Native Plant of the Week: Wild Lupine ~ Lupinus perennis

Wild Lupine ~ Lupinus perennis

Wild Lupine is in full bloom in our yard right now. This native Lupine is smaller than the non-native, naturalized Large-Leaved Lupine (Lupinus polyphyllus), reaching heights of around 14 inches in our dry, sandy soil.

The palmately divided leaves are very attractive in their own right, offering a wonderful contrast to other native perennial foliage.

This is a great native for hot, dry sites and poor soils. Plant near the front or edge of your landscape so you can observe and enjoy all the different types of pollinators that visit the flowers.
Two species of Bumble Bees were visiting the flowers this week. Their large size makes nectaring on the flower a bit challenging, but their advantage over the smaller bees is they can easily pry apart the petals to reach inside the flowers.

The smaller Mason Bees (Osmia species) pry open the flowers with their rear legs, then use all six to keep it open so they can reach further inside the flower.

Mining Bees (Andrena species) also like visiting Wild Lupine flowers.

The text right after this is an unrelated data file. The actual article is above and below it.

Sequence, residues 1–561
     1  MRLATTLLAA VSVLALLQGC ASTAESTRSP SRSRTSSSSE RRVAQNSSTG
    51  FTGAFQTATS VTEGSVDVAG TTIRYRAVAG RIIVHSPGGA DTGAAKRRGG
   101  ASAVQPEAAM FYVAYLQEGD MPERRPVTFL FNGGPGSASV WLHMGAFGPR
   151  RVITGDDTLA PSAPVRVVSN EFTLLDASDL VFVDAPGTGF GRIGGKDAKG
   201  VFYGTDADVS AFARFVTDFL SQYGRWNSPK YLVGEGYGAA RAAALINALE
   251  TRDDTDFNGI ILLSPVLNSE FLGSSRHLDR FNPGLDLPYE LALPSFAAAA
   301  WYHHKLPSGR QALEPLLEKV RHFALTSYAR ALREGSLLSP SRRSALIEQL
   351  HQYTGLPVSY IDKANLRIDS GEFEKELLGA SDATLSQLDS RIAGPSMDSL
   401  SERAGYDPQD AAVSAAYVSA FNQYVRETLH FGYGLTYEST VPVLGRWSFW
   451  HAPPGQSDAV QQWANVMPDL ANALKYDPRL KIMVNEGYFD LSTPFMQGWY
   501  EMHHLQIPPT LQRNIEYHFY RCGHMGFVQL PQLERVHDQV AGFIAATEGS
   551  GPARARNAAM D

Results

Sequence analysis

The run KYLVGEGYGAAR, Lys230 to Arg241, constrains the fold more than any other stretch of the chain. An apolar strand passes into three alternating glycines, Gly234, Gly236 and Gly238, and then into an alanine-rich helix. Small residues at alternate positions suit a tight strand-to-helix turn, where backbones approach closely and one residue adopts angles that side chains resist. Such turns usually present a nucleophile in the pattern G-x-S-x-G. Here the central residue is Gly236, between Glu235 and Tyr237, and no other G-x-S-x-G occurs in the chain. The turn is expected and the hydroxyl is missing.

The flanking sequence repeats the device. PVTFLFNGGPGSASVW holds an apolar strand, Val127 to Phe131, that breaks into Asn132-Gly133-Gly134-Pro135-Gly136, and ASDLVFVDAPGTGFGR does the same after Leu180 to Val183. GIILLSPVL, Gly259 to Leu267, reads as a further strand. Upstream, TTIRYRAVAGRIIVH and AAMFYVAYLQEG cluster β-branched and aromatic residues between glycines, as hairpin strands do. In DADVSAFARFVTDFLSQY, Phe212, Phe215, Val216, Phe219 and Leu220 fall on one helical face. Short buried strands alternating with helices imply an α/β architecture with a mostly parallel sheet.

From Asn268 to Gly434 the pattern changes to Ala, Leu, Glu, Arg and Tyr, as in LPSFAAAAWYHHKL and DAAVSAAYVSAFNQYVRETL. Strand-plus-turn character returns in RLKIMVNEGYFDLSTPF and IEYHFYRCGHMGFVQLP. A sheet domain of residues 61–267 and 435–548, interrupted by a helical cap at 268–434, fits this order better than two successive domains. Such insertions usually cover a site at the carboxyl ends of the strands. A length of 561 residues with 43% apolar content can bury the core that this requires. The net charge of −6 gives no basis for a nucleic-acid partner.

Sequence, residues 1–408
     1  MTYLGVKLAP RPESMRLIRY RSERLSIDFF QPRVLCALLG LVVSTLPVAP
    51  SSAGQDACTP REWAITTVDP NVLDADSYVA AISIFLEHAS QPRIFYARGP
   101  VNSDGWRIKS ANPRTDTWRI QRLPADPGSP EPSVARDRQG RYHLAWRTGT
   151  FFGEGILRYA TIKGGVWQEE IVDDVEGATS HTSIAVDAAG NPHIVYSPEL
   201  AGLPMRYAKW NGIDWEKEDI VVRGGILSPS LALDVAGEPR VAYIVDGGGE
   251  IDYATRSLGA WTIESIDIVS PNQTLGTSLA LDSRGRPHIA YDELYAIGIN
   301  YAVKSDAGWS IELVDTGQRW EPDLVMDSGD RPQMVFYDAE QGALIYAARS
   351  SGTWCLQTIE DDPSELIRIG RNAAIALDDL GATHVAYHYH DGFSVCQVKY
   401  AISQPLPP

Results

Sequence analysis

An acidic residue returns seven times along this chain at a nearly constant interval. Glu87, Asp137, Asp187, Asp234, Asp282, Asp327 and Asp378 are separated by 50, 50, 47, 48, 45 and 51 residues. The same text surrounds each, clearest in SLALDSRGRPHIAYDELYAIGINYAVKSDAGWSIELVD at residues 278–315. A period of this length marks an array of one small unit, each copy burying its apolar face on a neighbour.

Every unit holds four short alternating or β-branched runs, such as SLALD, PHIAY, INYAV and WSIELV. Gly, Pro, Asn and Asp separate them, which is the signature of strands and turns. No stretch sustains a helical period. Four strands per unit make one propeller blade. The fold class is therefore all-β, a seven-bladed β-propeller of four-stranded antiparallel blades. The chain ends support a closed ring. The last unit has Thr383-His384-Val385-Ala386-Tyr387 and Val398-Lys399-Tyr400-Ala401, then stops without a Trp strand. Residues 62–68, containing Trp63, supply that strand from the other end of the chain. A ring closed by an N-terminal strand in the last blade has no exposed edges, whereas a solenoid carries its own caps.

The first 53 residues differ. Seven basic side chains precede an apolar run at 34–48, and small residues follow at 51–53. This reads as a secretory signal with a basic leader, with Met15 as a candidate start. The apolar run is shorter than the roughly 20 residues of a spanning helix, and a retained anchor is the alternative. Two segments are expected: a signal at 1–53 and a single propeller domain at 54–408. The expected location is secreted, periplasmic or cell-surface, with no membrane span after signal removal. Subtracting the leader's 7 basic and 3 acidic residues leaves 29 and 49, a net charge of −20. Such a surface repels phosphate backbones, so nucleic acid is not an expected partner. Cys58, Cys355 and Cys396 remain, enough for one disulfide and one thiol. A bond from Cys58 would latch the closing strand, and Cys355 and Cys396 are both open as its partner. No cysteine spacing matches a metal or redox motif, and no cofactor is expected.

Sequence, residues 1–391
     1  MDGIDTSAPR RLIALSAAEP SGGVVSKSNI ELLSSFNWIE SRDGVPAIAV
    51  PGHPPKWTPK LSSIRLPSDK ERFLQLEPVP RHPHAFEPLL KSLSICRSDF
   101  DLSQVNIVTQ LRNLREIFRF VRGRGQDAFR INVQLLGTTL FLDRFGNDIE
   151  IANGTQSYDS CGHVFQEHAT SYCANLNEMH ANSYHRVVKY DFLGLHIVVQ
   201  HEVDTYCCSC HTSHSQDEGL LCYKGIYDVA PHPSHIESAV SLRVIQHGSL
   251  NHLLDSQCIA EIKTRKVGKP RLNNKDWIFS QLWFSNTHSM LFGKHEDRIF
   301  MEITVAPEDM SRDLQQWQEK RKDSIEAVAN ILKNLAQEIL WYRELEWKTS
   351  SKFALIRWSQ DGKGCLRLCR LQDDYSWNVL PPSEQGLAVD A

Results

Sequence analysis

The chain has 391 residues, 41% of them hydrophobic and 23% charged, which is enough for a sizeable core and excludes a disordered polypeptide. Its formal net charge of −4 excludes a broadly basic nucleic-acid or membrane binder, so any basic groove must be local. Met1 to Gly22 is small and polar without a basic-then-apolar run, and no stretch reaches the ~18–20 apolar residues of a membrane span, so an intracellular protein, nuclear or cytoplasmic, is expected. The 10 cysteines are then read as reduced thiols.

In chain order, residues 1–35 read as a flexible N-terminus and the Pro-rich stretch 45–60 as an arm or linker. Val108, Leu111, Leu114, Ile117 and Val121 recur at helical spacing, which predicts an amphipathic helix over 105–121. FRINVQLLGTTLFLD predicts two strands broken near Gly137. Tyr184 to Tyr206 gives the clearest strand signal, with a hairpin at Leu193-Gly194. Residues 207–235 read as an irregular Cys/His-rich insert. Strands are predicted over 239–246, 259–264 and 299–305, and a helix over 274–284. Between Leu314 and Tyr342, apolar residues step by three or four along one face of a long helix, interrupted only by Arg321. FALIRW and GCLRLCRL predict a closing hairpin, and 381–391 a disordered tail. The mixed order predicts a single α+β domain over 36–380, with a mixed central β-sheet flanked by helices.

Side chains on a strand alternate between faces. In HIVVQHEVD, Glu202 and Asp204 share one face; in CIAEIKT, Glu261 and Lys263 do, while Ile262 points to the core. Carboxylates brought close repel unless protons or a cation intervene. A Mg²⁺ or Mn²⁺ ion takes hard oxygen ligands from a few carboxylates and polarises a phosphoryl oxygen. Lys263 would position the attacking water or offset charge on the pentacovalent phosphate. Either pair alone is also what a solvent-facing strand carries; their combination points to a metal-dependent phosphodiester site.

I also spotted a day flying Clearwing moth visiting the flowers. They will hover like Hummingbirds unfurling their long proboscis and inserting it into the flowers. With this sophisticated technique, there's no need for them to pry open the flowers.

Seeds form in hairy pods that are held upright on the stem. This is an easy plant to propagate from seed, cold stratify in moist sand in the fridge over the winter and scarify (scratch) the seed coat before planting in the spring.

Kartesz, J.T., The Biota of North America Program (BONAP).
North American Plant Atlas. Chapel Hill, N.C.
Wild Lupine is native to eastern North America. See map for range.